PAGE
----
A mononuclidic element or monotopic element is one of the 21 chemical elements that is found naturally on Earth essentially as a single nuclide (which may, or may not, be a stable nuclide). This single nuclide will have a characteristic atomic mass. Thus, the element's natural isotopic abundance is dominated by one isotope that is either stable or very long-lived. There are 19 elements in the first category (which are both monoisotopic and mononuclidic), and 2 (bismuth[lower-alpha 1] and protactinium) in the second category (mononuclidic but not monoisotopic, since they have zero, not one, stable nuclides). A list of the 21 mononuclidic elements is given at the end of this article.
Of the 26 monoisotopic elements that, by definition, have only one stable isotope, there exist 7 (26 minus 19 = 7) which are nevertheless not considered mononuclidic, due to the presence of a significant fraction of a very long-lived (primordial) radioisotope occurring in their natural abundance. These elements are vanadium, rubidium, indium, lanthanum, europium, lutetium, and rhenium.
Use in metrology
Many units of measurement were historically, or are still, defined with reference to the properties of specific substances that, in many cases, occurred in nature as mixes of multiple isotopes, for example:
|Unit||Dimension||Reference substance||Relevant property||Number of common isotopes||Current (2022) status|
|Second||Time||Caesium||Hyperfine transition frequency||1||Still in use and one of the 7 SI base units|
|Metre||Length||Krypton||Transition wavelength||6||Redefined in 1983|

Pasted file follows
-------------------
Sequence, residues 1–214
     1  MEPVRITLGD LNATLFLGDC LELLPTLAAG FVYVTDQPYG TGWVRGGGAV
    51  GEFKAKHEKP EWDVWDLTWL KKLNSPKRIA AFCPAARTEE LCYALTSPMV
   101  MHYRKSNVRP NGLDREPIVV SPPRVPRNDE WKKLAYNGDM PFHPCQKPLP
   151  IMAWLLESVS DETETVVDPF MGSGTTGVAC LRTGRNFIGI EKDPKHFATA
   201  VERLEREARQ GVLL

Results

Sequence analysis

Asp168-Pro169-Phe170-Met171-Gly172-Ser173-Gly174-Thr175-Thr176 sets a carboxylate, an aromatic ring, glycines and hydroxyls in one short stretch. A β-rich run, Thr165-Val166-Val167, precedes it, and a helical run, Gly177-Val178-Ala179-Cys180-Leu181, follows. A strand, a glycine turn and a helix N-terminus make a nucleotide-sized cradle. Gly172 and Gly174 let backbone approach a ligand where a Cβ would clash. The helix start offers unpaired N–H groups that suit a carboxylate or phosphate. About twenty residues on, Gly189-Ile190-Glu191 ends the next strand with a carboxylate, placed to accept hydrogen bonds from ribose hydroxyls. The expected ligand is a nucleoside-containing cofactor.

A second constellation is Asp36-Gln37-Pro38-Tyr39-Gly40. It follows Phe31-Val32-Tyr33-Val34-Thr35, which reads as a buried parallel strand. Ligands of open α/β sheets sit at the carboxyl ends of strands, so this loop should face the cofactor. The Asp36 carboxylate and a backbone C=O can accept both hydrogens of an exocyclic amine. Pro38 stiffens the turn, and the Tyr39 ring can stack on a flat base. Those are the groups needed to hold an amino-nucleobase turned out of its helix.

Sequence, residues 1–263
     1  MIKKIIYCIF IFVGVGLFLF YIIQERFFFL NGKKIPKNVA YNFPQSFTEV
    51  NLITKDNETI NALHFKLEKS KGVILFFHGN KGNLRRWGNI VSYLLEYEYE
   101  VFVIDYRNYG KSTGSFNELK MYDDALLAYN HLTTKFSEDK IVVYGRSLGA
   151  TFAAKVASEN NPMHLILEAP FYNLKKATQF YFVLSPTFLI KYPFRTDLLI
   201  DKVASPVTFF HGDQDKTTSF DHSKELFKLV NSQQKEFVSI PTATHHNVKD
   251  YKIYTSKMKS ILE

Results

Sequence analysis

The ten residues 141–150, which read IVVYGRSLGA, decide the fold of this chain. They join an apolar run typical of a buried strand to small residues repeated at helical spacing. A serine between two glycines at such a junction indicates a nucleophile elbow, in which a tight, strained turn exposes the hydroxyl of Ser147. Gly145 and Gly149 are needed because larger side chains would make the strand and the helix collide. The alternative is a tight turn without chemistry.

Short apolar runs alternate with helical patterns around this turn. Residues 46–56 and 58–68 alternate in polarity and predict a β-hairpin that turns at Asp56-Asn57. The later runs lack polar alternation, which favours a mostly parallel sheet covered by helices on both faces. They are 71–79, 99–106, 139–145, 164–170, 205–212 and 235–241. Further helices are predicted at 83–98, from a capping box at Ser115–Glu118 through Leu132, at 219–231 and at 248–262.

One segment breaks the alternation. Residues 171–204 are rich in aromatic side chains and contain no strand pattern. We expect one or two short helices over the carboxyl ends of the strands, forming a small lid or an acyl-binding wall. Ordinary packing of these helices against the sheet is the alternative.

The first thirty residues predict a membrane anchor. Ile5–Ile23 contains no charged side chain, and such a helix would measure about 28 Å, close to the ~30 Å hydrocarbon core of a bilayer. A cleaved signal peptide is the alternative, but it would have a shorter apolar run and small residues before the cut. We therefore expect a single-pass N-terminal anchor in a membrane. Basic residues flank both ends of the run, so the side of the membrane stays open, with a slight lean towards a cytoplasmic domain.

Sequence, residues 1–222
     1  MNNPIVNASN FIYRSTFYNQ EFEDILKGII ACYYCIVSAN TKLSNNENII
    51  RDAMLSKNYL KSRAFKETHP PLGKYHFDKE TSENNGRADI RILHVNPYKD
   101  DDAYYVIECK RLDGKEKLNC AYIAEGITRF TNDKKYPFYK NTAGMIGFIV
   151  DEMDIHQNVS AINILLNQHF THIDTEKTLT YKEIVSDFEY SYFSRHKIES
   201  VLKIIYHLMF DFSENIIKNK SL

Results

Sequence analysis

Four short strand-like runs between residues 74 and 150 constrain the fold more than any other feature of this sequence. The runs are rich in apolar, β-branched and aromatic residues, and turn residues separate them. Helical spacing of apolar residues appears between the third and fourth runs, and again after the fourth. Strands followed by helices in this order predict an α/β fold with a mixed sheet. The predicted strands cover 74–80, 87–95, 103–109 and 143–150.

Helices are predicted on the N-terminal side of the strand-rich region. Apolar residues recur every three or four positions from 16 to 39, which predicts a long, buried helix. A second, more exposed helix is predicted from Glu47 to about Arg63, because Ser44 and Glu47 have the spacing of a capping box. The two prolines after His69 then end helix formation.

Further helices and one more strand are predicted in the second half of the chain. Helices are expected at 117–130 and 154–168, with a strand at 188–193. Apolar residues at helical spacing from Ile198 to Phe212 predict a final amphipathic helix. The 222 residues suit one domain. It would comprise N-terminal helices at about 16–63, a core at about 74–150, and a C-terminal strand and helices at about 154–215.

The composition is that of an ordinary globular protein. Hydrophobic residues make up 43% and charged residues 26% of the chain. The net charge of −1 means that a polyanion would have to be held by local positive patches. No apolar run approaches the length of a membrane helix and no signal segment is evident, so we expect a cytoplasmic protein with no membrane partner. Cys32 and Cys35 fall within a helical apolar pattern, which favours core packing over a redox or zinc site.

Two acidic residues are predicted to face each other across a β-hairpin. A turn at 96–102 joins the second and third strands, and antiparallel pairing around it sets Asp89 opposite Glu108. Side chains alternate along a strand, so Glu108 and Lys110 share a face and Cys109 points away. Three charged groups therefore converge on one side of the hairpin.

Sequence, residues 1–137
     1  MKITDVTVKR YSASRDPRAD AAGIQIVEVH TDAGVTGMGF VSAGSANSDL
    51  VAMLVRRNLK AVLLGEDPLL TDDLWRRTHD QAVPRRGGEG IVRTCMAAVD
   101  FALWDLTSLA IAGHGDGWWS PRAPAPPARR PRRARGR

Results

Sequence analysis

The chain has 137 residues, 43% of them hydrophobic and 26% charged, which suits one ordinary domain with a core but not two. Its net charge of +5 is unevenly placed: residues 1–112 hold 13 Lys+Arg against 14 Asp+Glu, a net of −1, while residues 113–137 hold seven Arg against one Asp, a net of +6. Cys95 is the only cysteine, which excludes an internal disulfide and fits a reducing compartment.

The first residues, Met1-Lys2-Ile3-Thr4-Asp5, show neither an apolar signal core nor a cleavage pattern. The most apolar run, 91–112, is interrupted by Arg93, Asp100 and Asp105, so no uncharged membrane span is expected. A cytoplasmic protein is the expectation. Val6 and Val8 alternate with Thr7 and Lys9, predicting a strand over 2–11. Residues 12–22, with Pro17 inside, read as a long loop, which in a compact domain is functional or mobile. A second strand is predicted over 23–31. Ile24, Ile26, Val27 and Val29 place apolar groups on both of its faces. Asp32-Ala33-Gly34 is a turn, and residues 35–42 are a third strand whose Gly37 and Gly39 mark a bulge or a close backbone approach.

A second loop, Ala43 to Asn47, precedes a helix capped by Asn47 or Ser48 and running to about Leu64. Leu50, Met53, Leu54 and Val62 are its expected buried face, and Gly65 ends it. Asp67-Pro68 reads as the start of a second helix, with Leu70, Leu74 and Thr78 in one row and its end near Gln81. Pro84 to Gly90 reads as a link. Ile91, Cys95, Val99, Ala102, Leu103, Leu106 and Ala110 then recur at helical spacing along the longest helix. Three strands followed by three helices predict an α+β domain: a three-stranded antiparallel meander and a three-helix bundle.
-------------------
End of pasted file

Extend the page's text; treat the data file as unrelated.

|Multiple||Temperature||Water||Melting point, boiling point, and triple point||2 of hydrogen and 3 of oxygen||Redefined in 2019 or defunct|
|Calorie and British thermal unit||Energy||Water||Specific heat capacity||2 of hydrogen and 3 of oxygen||Calorie redefined in terms of the joule, BTU still in use. Neither unit is part of, or recommended for use in, the SI|
|Mole||Amount of substance||Carbon||Atomic mass||3||Redefined in 2019|
|Dalton||Mass||Carbon||Atomic mass||3||Still in use and accepted for use in (but not part of) the SI|
|Candela||Luminous intensity||Platinum||Luminance at melting point||6||Redefined in 1979|
|Millimetre of mercury||Pressure||Mercury||Density||7||Redefined in terms of the pascal, not part of, or recommended for use in, the SI|
Since samples taken from different natural sources can have subtly different isotopic ratios, the relevant properties can differ between samples. If the definition simply refers to a substance without addressing the isotopic composition, this can lead to some level of ambiguity in the definition and variation in practical realizations of the unit by different laboratories, as was observed with the kelvin before 2007. If the definition refers only to one isotope (as that of the dalton does) or to a specific isotope ratio, e.g. Vienna Standard Mean Ocean Water, this removes a source of ambiguity and variation, but adds layers of technical difficulty (preparing samples of a desired isotopic ratio) and uncertainty (regarding how much an actual reference sample differs from the nominal ratio). The use of mononuclidic elements as reference material sidesteps these issues and notably the only substance referenced in the most recent iteration of the SI in caesium, a mononuclidic element.
Mononuclidic elements are also of scientific importance because their atomic weights can be measured to high accuracy, since there is minimal uncertainty associated with the isotopic abundances present in a given sample. Another way of stating this, is that, for these elements, the standard atomic weight and atomic mass are the same.
In practice, only 11 of the mononuclidic elements are used in standard atomic weight metrology. These are aluminium, bismuth, caesium, cobalt, gold, manganese, phosphorus, scandium, sodium, terbium, and thorium.